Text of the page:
What the dog has been up to lately

A goofball at heart.

Little Pyrrha stories from this week:

Mmm, toothpaste!

Guion called me yesterday and asked, “So, is too much dog toothpaste toxic?”

Oh, boy. I made another overconfident mistake with Pyrrha and thought we could trust her alone in the house, out of her crate, for an hour. She doesn’t get into anything when we’re home and we left her alone for 30 minutes the other day and nothing was touched; she was just dozing in her crate. So, I was all, “Sweet, she’ll be great on her own! We won’t even be gone that long.”

Pyr, however, found her canine toothpaste down in the bottom of a bin and went to TOWN on it. Guion said she was covered in gooey, green paste when he found her. It was all over the carpet, all over her paws, and the tube was obliterated. She’d sucked out all the paste and had started to chew up the plastic tube itself when Guion came home.

I proceeded to panic a little, and panicked even more when my I told my boss, she called her vet friend, and the vet friend said, “Call the animal poison control center immediately!” But Guion didn’t report that she was acting sick, and the toothpaste was a “natural” brand, so it didn’t have the typical chemical cocktail. And the poison control hotline costs $65.

So, I got in touch with her foster, her fairy-dog-mother, who recommended that I call the vet. I did, and they told me not to freak out, that she’d probably have an upset stomach and possibly vomit. She slept through the night without incident, though, and seems totally fine today, except for those sticky green stains still on her front legs…

What contraband item has your dog ingested? Did you freak out?

Crushin’ on Camden

Pyrrha is still getting used to greeting other dogs on leash, but I think she’s made pretty significant improvements since we first brought her home. She is still scared of any and all dogs, but I’ve been relaxing my hold on the leash a LOT and calming down significantly, and I think that’s helped tremendously. Her hackles still go up and her tail still tucks, but she seems like she wants to greet them now and she hasn’t had any snarling or growling incidents in a month. We’re still moving slowly with it, but I have been delighted to discover one thing: CAMDEN.

There is a young female chocolate-colored pit bull who lives on our street. Her name is Camden and we often see her out walking with her humans. I don’t know what it is or why, but Pyrrha ADORES Camden. Camden is the only dog that I’ve ever seen Pyrrha genuinely happy to spot. She runs right up to her, all wags and smiles, and starts to play bow all over the place. Camden responds in kind, and the other night, the two of them romped around in our front yard for a bit (albeit on long leads). It totally made my day.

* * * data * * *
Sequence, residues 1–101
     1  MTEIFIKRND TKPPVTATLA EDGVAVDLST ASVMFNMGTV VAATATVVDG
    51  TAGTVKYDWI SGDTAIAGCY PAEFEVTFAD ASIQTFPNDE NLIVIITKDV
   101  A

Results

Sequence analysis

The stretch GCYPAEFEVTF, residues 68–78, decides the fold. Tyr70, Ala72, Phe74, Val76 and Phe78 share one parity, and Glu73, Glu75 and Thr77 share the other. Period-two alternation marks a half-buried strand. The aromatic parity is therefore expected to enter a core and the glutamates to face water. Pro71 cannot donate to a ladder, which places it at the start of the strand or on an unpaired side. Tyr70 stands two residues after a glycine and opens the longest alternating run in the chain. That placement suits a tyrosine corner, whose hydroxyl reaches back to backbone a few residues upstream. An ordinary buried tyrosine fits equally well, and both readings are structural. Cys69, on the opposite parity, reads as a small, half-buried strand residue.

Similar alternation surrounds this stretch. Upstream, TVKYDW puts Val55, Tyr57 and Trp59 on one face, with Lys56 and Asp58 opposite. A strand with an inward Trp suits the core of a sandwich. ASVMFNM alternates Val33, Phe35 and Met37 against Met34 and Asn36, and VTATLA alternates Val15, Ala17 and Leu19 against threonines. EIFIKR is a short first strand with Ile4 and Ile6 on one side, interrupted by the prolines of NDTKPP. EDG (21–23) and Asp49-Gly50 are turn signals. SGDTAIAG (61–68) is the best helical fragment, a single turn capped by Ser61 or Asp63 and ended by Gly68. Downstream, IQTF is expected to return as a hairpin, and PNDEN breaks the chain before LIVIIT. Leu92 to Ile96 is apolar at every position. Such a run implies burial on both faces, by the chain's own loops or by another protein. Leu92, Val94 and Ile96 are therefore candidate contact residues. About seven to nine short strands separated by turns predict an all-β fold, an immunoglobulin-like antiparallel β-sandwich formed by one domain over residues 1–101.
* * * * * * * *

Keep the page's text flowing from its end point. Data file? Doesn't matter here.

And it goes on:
Camden’s humans were shocked when I told them that Pyrrha doesn’t like other dogs. “Are you sure? She is so good with Camden! She loves her!” They protested. I said it was true, but it seems that Pyrrha only has room in her heart for Camden. They seemed pleased and surprised to hear that their baby was the only one who could tame our fearful beast.

Camden doesn’t have a fenced-in yard, so I told her people that we really ought to have a play-date with the girls. We didn’t exchange any information, however, so I’m hoping we’ll run into them again soon and make that happen.

Does your dog have a best friend? A dog he or she instantly preferred over others, for seemingly no apparent reason?


After my big fail of an attempt to teach Pyrrha to target, I am happy to report that she has successfully learned the “touch” cue! I took a lot of your advice to heart and stepped back a lot before I tried to re-teach it to her. I tried again when she was in a happy, relaxed space and I didn’t make any suspicious movements (like trying to pick up a clicker). She learned the cue in about four repetitions, and now we’re practicing it in other rooms, environments, and with other people. She performed it successfully with Guion last night, too. I am hoping that this command will be a helpful focusing bridge for her when we start obedience school in a few weeks.

What new command or behavior is your dog learning now?


10 thoughts on “What the dog has been up to lately

  1. Glad to know the toothpaste scrounge wasn’t a health emergency. Tricky, girl.

    Loved the story about Camden. My last dog, Shadow, was very dog reactive. We attended a well-supervised play group at the SPCA to improve her comfort around other dogs. She was relatively calm if a little hackly. But one day, she just started chasing Sally. After a few weeks observing, she decided she was in love with the little lab mix.

    Dogs like and dislike each other just like people do. But they don’t have as much freedom to express their tastes as we do. It’s fun when we get to see clearly that our dogs really love someone.

  2. Rufus is a fickle dog as well! He has dogs that make him leap with joy, but most annoy him haha. The “touch” command is one of my favorites, love that trick!